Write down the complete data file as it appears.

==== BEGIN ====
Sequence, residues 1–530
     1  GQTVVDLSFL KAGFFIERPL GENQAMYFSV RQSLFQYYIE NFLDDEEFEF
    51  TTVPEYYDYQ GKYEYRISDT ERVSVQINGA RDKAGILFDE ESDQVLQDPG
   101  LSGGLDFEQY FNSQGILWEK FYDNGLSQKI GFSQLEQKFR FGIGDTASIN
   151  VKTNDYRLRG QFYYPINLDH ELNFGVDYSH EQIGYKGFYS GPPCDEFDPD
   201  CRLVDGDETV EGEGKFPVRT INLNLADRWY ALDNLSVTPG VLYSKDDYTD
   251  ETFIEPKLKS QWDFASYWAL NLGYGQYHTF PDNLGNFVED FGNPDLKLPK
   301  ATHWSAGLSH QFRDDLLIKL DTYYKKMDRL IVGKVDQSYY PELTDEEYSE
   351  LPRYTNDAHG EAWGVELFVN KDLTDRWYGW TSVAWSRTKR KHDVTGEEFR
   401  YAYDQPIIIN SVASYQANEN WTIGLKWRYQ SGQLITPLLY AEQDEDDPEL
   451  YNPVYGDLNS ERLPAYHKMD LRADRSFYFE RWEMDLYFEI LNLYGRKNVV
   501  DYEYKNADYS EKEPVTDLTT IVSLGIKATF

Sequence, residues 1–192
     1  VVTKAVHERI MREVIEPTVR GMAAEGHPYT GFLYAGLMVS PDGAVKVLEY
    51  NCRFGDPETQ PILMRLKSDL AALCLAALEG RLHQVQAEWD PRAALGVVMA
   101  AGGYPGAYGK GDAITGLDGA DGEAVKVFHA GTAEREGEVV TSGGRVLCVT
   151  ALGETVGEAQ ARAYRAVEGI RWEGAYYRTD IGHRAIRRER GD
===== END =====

Sequence, residues 1–530
     1  GQTVVDLSFL KAGFFIERPL GENQAMYFSV RQSLFQYYIE NFLDDEEFEF
    51  TTVPEYYDYQ GKYEYRISDT ERVSVQINGA RDKAGILFDE ESDQVLQDPG
   101  LSGGLDFEQY FNSQGILWEK FYDNGLSQKI GFSQLEQKFR FGIGDTASIN
   151  VKTNDYRLRG QFYYPINLDH ELNFGVDYSH EQIGYKGFYS GPPCDEFDPD
   201  CRLVDGDETV EGEGKFPVRT INLNLADRWY ALDNLSVTPG VLYSKDDYTD
   251  ETFIEPKLKS QWDFASYWAL NLGYGQYHTF PDNLGNFVED FGNPDLKLPK
   301  ATHWSAGLSH QFRDDLLIKL DTYYKKMDRL IVGKVDQSYY PELTDEEYSE
   351  LPRYTNDAHG EAWGVELFVN KDLTDRWYGW TSVAWSRTKR KHDVTGEEFR
   401  YAYDQPIIIN SVASYQANEN WTIGLKWRYQ SGQLITPLLY AEQDEDDPEL
   451  YNPVYGDLNS ERLPAYHKMD LRADRSFYFE RWEMDLYFEI LNLYGRKNVV
   501  DYEYKNADYS EKEPVTDLTT IVSLGIKATF

Sequence, residues 1–192
     1  VVTKAVHERI MREVIEPTVR GMAAEGHPYT GFLYAGLMVS PDGAVKVLEY
    51  NCRFGDPETQ PILMRLKSDL AALCLAALEG RLHQVQAEWD PRAALGVVMA
   101  AGGYPGAYGK GDAITGLDGA DGEAVKVFHA GTAEREGEVV TSGGRVLCVT
   151  ALGETVGEAQ ARAYRAVEGI RWEGAYYRTD IGHRAIRRER GD